The year of his birth was 1884, and at less than one year of age, John James Mates, my grandfather of Irish-Catholic heritage, sailed to America and into the Pennsylvania coal region. 1860’s America was not a particularly welcoming place to the Irish as evidenced by this quote from the 1868, Chicago Post.
“The Irish fill our prisons, our poor houses . . . Scratch a convict or a pauper, and the chances are that you tickle the skin of an Irish Catholic. Putting them on a boat and sending them home would end crime in this country.”
Like so many at that time, John helped to support his family — as a slate picker in the mines at age six. He was self-schooled but never without a book that I can remember. He went on to become John L. Lewis’ assistant, United Mine Workers of America, President of Mine Committee Local Union 1550, and represented the UMWA at the International Confederation of Free Trade Unions held in Paris in 1948.
John J. Mates was no stranger to the KKK. Traveling by train through the Appalachian coal mining region on union business, he was met at gunpoint by a member of the klan. In the 1930’s, the klan hated Blacks, Jews, and Catholics. Fast forward to 2015, and I regretfully venture to say that xenophobia, ethnic/racial/and religious bigotry is evidenced throughout much of America. On a recent road trip across Ohio I saw on several occasions the Confederate Flag hanging with the US Flag.
In the aftermath of the Paris, Lebanon, and now Mali terrorist attacks, I like most Americans, have been glued to the news channels. However, I find the political rhetoric and fear-mongering engaged by presidential candidates and our elected officials most un-American. A game plan for a Muslim registry/database, and closure of houses of worship smacks of the Nazi era. What’s the next step – concentration/internment camps similar to what Japanese-Americans were subjected during World War II America?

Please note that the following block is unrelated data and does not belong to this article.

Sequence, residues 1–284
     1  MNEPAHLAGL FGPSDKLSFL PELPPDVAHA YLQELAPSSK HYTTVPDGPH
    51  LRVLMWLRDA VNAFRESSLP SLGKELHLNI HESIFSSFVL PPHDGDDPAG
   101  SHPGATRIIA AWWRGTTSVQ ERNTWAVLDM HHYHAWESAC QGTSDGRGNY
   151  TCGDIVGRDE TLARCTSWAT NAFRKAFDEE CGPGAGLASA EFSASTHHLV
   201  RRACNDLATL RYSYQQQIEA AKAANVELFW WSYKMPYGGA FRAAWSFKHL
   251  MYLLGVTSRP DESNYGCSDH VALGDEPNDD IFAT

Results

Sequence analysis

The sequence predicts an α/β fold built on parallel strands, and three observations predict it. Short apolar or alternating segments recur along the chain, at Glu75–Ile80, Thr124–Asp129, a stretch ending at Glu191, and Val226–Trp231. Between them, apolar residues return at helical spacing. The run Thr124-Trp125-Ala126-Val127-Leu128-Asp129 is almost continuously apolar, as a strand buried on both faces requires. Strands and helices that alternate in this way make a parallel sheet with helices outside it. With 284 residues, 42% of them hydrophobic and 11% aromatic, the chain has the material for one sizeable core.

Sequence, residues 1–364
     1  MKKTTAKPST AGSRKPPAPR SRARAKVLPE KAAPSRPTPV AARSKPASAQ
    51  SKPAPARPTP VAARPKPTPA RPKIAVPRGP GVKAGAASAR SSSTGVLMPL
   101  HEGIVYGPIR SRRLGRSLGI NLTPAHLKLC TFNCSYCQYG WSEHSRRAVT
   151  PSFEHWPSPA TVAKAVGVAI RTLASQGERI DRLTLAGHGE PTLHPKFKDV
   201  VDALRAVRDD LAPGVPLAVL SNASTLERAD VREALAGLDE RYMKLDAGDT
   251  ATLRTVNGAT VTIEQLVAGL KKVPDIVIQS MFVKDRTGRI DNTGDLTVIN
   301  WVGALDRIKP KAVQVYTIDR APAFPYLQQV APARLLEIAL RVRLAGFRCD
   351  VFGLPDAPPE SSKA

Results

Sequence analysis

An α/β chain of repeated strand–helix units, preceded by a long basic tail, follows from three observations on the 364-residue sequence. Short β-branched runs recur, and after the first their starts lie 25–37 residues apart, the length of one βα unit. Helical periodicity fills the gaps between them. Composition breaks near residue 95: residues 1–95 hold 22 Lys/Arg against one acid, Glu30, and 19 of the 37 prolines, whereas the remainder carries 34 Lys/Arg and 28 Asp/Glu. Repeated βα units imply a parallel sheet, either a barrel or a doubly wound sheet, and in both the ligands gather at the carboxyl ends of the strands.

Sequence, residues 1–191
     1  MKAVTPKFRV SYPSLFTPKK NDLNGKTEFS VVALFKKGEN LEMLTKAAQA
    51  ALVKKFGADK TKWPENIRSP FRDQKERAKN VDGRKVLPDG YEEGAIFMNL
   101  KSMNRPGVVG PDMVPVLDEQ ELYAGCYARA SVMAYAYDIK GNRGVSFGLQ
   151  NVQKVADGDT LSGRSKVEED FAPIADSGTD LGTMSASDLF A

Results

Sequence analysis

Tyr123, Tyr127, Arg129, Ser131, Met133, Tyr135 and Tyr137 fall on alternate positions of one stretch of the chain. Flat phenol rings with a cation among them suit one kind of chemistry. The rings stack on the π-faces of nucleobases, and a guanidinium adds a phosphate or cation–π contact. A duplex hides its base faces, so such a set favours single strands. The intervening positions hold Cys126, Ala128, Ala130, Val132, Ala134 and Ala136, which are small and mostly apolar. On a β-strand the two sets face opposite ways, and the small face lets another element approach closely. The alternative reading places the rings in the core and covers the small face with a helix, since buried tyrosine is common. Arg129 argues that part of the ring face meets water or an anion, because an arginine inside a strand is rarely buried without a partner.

60 million people have been forcibly displaced worldwide, and almost half are children, and they are the ones who will suffer the most. Barring innocent refugees from Syria from entering the land of the free and realizing their dreams, let alone just staying alive, is not “America”. Says UN Secretary-General, Ban Ki-moon: “Millions of refugees who have lost everything to violence and oppression want to end those threats more than anyone. They can potentially be a major constituency in combating violent extremism.” (See more: “Ban Warns of ‘Misplaced Suspicions’ of Muslim Refugees, Migrants after Terror Attacks.”)
I look back to fond memories of my grandfather and his unwavering patriotism. Every day, even into his nineties, he took great pride and raised the American flag at his Pennsylvania home symbolizing “liberty and justice for all.” To fight terrorism we cannot resort to cowardice. We need to unite and stand tall and uncompromising in our American principles to continue as the world leader and vanquish terrorists and haters to keep the America my grandfather and your’s espoused and cherished. (See: “We’ve all been Refugees as Old as War and Natural Disaster.”)
By, Susan Sacirbey